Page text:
As it was now March 1944, the war was fast moving northwards so he saw very little action. Squadrons 452 and 457 (Spitfires) flew without escort to Perth. This move to Perth and a strange operation at Port Headland, when intelligence reported that the Jap fleet was sailing for Perth to knock out the American submarine base that was stationed there. When this did not eventuate the Squadrons returned back to Darwin later the same month in a more than dangerous flight. Nat’s last operation was “Potshot”, 10th to 25th May, 1944.

Nat left 457 Squadron on the 19 th August, 1944 and returned to Mildura, where he became unhappy there as although he was flying a lot he wanted to get back into the front line operations. Nat laughed and said, “”That it was more dangerous there from trainee pilots than in the front line”. Funnily enough through a strange set of events Nat was indeed granted that wish.

On 17th June 1945 he shaved off his moustache, swapped his Flight Lieutenant’s uniform for a Lieutenant Royal Australian Navy Volunteer Reserve uniform on loan to the Royal Navy. In no time he was flying off aircraft carriers with the Royal Navy.

His RAAF logbook shows he notched up 350 hours in Spitfires, in Mark II’s, Va’s, Vb’s, Vc’s and VIII and a rather strange two seat version of a Spitfire where he did circuits and landings from both the front and rear seats to judge the aircraft’s suitability for training. His Navy Log Books record a further 213 hours in the naval version of the Spitfire, called the Seafire. With the end of the war, Nat with four other pilots was offered a short service commission in the Royal Navy and moved to England. He spent three years with the Royal Navy.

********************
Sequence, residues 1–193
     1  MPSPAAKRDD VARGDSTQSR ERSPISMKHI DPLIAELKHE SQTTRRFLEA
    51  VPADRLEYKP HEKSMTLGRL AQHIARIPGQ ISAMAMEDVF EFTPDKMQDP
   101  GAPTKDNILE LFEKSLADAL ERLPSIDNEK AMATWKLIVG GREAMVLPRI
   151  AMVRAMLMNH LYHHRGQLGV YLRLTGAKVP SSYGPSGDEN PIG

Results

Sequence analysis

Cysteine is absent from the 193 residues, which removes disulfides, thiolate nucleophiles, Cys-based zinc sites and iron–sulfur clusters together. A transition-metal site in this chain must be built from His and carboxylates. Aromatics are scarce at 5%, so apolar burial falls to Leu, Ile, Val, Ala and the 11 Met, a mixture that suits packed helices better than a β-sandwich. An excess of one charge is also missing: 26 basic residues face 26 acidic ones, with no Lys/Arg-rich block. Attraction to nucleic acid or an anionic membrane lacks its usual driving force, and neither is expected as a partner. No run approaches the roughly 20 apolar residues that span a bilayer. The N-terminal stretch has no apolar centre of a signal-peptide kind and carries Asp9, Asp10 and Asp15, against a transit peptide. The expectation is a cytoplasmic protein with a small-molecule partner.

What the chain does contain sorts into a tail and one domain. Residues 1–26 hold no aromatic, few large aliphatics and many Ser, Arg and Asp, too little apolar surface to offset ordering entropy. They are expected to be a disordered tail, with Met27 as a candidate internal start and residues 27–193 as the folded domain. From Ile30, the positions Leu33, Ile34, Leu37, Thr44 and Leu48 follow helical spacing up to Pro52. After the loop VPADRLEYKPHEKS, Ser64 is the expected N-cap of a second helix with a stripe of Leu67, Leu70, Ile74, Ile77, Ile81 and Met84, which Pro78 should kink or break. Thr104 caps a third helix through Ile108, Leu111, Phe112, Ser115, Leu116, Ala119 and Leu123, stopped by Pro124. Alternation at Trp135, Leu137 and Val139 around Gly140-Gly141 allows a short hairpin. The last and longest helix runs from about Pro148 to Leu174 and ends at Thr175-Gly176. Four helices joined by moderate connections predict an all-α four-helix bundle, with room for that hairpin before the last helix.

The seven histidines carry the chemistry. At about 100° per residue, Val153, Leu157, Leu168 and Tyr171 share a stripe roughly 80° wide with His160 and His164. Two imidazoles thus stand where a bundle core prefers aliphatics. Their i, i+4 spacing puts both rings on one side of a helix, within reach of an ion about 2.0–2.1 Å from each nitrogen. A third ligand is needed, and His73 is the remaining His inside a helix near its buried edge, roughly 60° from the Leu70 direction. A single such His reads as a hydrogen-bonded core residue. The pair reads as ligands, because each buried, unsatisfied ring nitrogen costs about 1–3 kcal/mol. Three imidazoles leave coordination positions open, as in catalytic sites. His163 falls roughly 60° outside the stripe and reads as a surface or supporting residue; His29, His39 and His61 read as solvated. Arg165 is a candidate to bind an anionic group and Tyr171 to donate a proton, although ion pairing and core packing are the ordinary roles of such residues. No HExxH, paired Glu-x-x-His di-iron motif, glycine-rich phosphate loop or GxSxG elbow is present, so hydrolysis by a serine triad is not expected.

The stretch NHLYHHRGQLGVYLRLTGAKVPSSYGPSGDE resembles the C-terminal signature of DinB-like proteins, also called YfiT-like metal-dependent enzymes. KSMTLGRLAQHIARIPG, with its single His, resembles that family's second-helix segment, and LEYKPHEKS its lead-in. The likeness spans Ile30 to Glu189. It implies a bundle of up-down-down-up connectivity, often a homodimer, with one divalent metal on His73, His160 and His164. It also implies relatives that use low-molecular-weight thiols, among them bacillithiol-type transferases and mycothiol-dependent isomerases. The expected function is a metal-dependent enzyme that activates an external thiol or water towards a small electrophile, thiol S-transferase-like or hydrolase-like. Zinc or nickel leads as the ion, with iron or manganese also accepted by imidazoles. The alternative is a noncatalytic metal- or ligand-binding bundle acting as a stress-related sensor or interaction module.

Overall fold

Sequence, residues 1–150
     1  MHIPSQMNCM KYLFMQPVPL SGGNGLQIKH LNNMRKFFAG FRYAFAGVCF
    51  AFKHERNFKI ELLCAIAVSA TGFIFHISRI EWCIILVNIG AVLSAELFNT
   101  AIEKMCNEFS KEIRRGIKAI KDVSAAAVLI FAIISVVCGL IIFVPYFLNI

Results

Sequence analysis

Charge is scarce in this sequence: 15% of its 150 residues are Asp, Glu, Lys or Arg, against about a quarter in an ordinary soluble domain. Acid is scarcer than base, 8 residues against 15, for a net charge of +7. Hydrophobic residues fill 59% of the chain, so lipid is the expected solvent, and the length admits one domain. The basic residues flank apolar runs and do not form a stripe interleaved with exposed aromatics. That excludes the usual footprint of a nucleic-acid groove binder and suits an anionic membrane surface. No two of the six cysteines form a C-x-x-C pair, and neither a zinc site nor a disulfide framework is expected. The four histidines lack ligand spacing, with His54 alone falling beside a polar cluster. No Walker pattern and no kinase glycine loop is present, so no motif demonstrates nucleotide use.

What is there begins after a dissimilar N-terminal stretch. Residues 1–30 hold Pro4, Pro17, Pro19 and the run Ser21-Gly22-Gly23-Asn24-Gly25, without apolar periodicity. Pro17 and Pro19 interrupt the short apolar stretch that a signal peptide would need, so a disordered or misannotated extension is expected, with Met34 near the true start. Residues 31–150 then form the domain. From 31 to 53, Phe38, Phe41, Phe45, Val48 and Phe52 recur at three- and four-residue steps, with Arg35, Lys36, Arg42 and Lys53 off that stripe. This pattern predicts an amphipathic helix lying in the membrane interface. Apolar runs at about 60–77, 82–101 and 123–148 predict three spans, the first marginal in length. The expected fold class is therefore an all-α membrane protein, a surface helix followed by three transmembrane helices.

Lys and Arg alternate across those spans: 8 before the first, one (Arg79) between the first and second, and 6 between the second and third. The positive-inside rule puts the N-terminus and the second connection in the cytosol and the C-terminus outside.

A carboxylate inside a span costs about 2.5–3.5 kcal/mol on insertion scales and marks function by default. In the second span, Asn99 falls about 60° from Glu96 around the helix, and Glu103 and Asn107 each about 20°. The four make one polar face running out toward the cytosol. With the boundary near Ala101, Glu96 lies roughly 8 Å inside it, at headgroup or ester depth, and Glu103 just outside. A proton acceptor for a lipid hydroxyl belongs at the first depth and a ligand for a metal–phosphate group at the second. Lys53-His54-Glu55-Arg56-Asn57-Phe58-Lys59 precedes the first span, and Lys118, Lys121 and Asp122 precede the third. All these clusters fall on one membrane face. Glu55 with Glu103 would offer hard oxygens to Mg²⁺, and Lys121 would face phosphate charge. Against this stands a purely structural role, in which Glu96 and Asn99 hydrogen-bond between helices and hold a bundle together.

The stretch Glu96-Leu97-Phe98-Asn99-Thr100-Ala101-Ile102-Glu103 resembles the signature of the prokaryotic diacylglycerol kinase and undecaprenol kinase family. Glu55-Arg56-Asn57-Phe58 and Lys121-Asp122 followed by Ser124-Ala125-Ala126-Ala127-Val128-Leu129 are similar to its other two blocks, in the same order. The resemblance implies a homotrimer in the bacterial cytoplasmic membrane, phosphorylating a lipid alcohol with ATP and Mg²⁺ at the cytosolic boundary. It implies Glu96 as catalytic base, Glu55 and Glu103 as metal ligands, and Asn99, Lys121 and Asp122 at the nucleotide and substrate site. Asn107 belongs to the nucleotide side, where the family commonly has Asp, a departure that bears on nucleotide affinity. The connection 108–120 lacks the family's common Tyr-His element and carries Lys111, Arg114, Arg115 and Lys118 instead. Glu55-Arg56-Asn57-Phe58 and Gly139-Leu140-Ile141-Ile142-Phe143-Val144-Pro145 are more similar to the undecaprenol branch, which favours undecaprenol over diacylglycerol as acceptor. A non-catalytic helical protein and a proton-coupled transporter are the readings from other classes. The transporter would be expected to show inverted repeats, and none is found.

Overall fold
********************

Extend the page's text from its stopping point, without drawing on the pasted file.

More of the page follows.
In September 1948 Nat transferred to the Royal Australian Navy Fleet Air Arm and stayed there 17 years until 1965. During this time he was fortunate enough to command 816 Firefly Squadron and 805 Sea Fury Squadron. This command was located at Naval Air Station, Nowra and in HMAS Sydney including a tour during the Korean war.

The number of specialist courses he attended and passed in England, USA and Australia, would fill pages amongst them: fully qualified flying and instrument instructor, many naval sea courses and qualified to wear paratrooper wings. (He completed over 20 jumps). The grand total of the Spitfire family is thus some 565 wonderful hours. A lot of take off and landings, said Nat. He then retired from the RAN as a Commander on the 4/5/65.

Nat said, 'For the record, 12 RAAF Pilots transferred to the RANVR, on loan to the Royal Navy in June 1945 and joined RN Fighter Squadrons flying off the large carriers, H.M.S. Indomitable, Indefatigable and Implacable. It may surprise some people to know that each ship had over 80 aircraft embarked, and so when we formed a task force of three carriers, we put up quite a formidable armada.

A further 12 pilots came across a few months later and I have the names of the whole 24 if anyone wants to know them. I flew over 200 hours in various marks of Spitfires, took a short service commission in the R.N. In 1946, transferred to the R.A.N. With a permanent commission in 1948 and retired in 1965. During all this, I was lucky to fly such great aircraft as the Sea Fury, Firefly, Gannet and others with over 200 deck landings, more or less in one piece. This a bit of a line shoot, but perhaps there are some who may not know that the RAAF did go to sea, albeit in dark blue uniform.”

The Arctic Star Medal from the MOD Medal Office at Gloucester, England was also awarded to Nat for his service with the RAF in 1941.

Nat Gould standing in front of a Sea Fury he once flew at the Fleet Air Arm Museum, Nowra NSW.